Liver allograft outcomes after laparoscopic-assisted and minimal access live donor hepatectomy for transplantation

Document Type

Journal Article

Publication Date



American Journal of Surgery








Laparoscopic-assisted donor hepatectomy; Living liver donors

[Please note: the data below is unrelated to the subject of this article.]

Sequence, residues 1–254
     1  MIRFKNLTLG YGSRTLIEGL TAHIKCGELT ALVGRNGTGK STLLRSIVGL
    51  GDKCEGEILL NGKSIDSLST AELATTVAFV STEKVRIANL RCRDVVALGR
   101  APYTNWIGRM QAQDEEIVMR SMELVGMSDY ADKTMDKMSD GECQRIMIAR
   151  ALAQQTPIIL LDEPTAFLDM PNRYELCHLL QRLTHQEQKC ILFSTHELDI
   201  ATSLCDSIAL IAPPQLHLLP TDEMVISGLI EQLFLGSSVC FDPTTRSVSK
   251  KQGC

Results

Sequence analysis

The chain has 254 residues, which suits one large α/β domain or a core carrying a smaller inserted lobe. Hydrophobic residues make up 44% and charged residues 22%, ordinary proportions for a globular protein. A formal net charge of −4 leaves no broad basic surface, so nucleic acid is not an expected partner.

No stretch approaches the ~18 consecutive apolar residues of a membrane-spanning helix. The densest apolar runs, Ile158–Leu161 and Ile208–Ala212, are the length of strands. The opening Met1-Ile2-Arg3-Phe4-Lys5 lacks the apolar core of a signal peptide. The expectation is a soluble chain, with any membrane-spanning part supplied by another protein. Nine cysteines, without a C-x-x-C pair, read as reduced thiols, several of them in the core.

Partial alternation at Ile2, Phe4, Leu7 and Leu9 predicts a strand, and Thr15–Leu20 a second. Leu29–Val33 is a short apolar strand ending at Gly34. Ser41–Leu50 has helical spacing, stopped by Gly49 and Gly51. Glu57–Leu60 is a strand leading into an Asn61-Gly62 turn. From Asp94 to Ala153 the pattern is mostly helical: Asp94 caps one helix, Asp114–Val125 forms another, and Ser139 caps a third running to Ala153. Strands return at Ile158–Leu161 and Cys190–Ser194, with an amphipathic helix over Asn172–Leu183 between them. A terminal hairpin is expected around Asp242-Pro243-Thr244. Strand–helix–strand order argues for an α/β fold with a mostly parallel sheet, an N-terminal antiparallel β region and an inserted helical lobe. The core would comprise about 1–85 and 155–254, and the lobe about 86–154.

Background: The critical shortage of deceased organ donors has led to live-donor hepatectomy as an alternative donor option for transplantation. Although laparoscopic hepatectomy has been well described for management of liver tumors and can be performed safely, few studies have examined early recipient allograft outcomes after laparoscopic live-donor hepatectomy. We describe our initial experience with laparoscopic-assisted and minimal-access donor hepatectomy and its potential as a safe alternative with graft function comparable with open resection in live-donor liver transplantation. Methods: We performed a retrospective analysis of our past 30 successive live-donor transplants between 2005 and 2009. Fifteen allografts were procured by standard open live-donor (OLD) hepatectomy, and 15 by laparoscopic-assisted (LALD) or minimal-access (MA) live-donor hepatectomy. Left lateral segment grafts were subcategorized and analyzed further. Results: Mean donor age, sex, and liver anatomy were comparable between donor groups. Early graft function as measured by peak total bilirubin level, aspartate aminotransferase level, alanine aminotransferase level, and international normalized ratio on postoperative days 2, 7, 30, and 90 were similar between groups, although the international normalized ratio was slightly more increased on postoperative day 7 in LALD grafts (1.75 ± .45 vs 1.28 ± .16; P = .02). Perioperative allograft biliary (2 of 15 vs 0 of 15; P = .48) and vascular (3 of 15 vs 1 of 15; P = .6) complication rates also were comparable between OLD and LALD/MA grafts. One-year graft and patient survival for LALD/MA was 100% compared with 93% for OLD. Conclusions: Our experience shows that LALD or MA live-donor hepatectomy is a safe procedure and produces early graft function comparable with standard OLD hepatectomy. Multicenter, larger-volume experience will determine the widespread application of this technique. © 2011 Elsevier Inc.

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